When I applied for the World Press Institute fellowship, I knew I would travel through the United States alongside nine other journalists from different countries to meet policy makers, politicians, journalists and media executives. I also knew we would be immersing ourselves into the American culture and learning about the First Amendment – America’s superlative law for freedom of the press and freedom of speech. It was an exciting opportunity to learn, share ideas and meet new people in a new environment. For me, it was an opportunity to get out of my comfort zone and challenge my social anxiety.
But not even in my wildest dreams did I ever think that while in the United States I’d travel in a blizzard or snowshoe on a frozen lake. In fact, before this trip I had never heard the word “snowshoeing.” And… (drumroll) go into an American prison in a tet-a-tet with a convicted murderer!
Blizzard, icy grounds and a potluck dinner
A trip to the idyllic, snowy town of Grand Marais in northern Minnesota sounds fascinating for an African who can count the number of times she had seen snow. And with the WPI director breaking into a romantic smile everytime he spoke about this historic town made me all the more eager to see what the rave was all about. I also didn’t know what to expect, except that Grand Marais was on the shores of Lake Superior.
The drive from St. Paul in Minnesota kicked off reasonably well, but about an hour into the trip the weather turned horrid. At 32 degrees fahrentheit, the road was icy thus slippery. Visibility was low as the snow continued to fall with soft, effortless grace. There were warning signs of a snowstorm in neon-colored digital signboards along the road. But we carried on for almost six hours, passing through the picturesque port city of Duluth and arriving at Grand Marais. A quick stop for a photo on the snow-covered road as the wind blew snowflakes in all directions was not a good idea. I simply could not feel my fingers after a few seconds. It was the coldest I have ever felt in my entire life. My host family was welcoming, cranking up the heat in their home and serving me a hot bowl of chili. It was the first time I had chili and it was delicious.
But there were many firsts for me in Grand Marais: Slipping and falling on ice. My shoulder and hip were sore for days after. Honestly, they are almost always sore anyway as I am no spring chicken, but that still hurt. Next was snowshoeing on a frozen lake on the Gunflint Trail. One of the most exciting and fun things I did in a long while. I felt like a six-year-old all over again and didn’t want to go back on land. And it wasn’t as cold as I thought it would be on the lake!
I had my first potluck dinner with the members of the Grand Marais community. There I had another chili, an American’s version of West African peanut soup (I gave him a C for effort) and lasagna.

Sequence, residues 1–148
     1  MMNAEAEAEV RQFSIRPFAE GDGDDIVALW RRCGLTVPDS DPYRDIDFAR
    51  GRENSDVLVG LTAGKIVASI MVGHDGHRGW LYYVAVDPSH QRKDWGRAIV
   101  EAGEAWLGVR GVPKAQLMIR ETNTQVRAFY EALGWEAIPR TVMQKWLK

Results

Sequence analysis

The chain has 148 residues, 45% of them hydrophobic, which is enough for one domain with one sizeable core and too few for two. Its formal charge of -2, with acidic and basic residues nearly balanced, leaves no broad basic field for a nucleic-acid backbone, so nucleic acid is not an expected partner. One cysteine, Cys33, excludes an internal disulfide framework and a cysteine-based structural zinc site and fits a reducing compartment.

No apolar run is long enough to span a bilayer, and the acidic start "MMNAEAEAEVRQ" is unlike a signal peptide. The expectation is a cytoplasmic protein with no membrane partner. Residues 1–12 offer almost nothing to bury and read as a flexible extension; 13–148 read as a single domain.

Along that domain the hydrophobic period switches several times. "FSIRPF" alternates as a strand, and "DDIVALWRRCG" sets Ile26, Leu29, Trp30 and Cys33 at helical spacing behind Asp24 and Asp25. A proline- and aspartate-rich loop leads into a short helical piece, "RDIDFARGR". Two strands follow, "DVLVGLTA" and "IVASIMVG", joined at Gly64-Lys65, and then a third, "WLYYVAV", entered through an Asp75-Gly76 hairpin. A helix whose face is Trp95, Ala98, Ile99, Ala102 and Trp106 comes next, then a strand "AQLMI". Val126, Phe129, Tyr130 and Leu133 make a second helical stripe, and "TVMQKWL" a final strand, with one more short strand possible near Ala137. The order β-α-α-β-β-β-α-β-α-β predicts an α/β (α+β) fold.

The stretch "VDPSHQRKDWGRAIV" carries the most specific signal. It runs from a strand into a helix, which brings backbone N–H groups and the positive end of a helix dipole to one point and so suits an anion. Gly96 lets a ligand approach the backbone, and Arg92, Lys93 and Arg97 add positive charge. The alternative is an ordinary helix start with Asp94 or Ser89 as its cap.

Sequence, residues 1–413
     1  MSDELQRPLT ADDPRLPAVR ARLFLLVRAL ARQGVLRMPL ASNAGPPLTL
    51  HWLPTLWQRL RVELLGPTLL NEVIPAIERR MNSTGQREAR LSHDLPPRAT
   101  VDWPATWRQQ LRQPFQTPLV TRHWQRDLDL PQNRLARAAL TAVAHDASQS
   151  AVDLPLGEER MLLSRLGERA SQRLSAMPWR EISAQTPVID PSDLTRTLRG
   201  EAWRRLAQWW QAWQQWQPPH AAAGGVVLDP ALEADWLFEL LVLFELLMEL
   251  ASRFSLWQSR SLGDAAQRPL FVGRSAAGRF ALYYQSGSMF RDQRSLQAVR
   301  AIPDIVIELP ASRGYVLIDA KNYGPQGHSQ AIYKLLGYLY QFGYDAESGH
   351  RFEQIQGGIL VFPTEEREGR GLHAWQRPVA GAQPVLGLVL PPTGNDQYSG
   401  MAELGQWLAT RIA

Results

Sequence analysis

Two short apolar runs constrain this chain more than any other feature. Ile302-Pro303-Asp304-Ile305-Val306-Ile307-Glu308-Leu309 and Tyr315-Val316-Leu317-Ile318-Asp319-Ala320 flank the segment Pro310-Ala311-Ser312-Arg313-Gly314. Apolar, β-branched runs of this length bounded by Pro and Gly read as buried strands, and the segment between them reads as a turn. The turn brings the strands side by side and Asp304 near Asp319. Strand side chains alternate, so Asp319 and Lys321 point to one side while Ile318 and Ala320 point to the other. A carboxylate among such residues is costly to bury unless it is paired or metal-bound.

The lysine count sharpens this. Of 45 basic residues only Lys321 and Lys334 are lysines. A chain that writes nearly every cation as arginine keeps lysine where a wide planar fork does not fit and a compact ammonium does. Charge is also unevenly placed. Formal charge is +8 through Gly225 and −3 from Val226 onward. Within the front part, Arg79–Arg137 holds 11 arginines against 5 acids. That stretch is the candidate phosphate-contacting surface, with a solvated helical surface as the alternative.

Bagels, Stock Markets and Nicholas Cage
In New York, I had bagels for the first time. In case you’re wondering: No, they do not taste like donuts, they just have a striking resemblance. I wasn’t prepared for what they would taste like and I have to admit that I was a bit disappointed. But that isn’t to say they weren’t good.
I viewed the closing bell of the Nasdaq stock market live in its marketsite in New York’s Times Square. It is the second largest stock exchange in the world after the New York Stock Exchange. It was a fascinating experience.
And then, I saw Nicholas Cage! Notice I didn’t say meet Nicholas Cage? That’s because I didn’t. I saw him from afar when we were a part of the audience on The Late Show with Stephen Colbert and he was the guest that night. He was there to promote his new movie “Reinfield.” It was my first time seeing a Hollywood star in real life and also my first time seeing a talk show. Definitly an experience I won’t forget in a long time.
Back home in Nigeria, fish was either fried, stewed, roasted or smoked. The idea of eating fish raw repulsed me and many Nigerians I know. But I had raw fish for the first time and didn’t realize it, until I was halfway through the meal. It was that good. I can already imagine the look on my mum’s face when I tell her I ate raw fish, ha!
This fellowship proves to be much more than a journalism fellowship, it is a “finishing school,” a rite of passage, especially for foreign journalists like me visiting the United States for the first time. Now, I know to walk carefully on ice and to eat raw fish with zero disgust. But most importantly, I now know that an indigenous group of Americans exist – including the Ojibwe people – with a rich history of trade, a language that isn’t English and a strong determination to keep their history intact.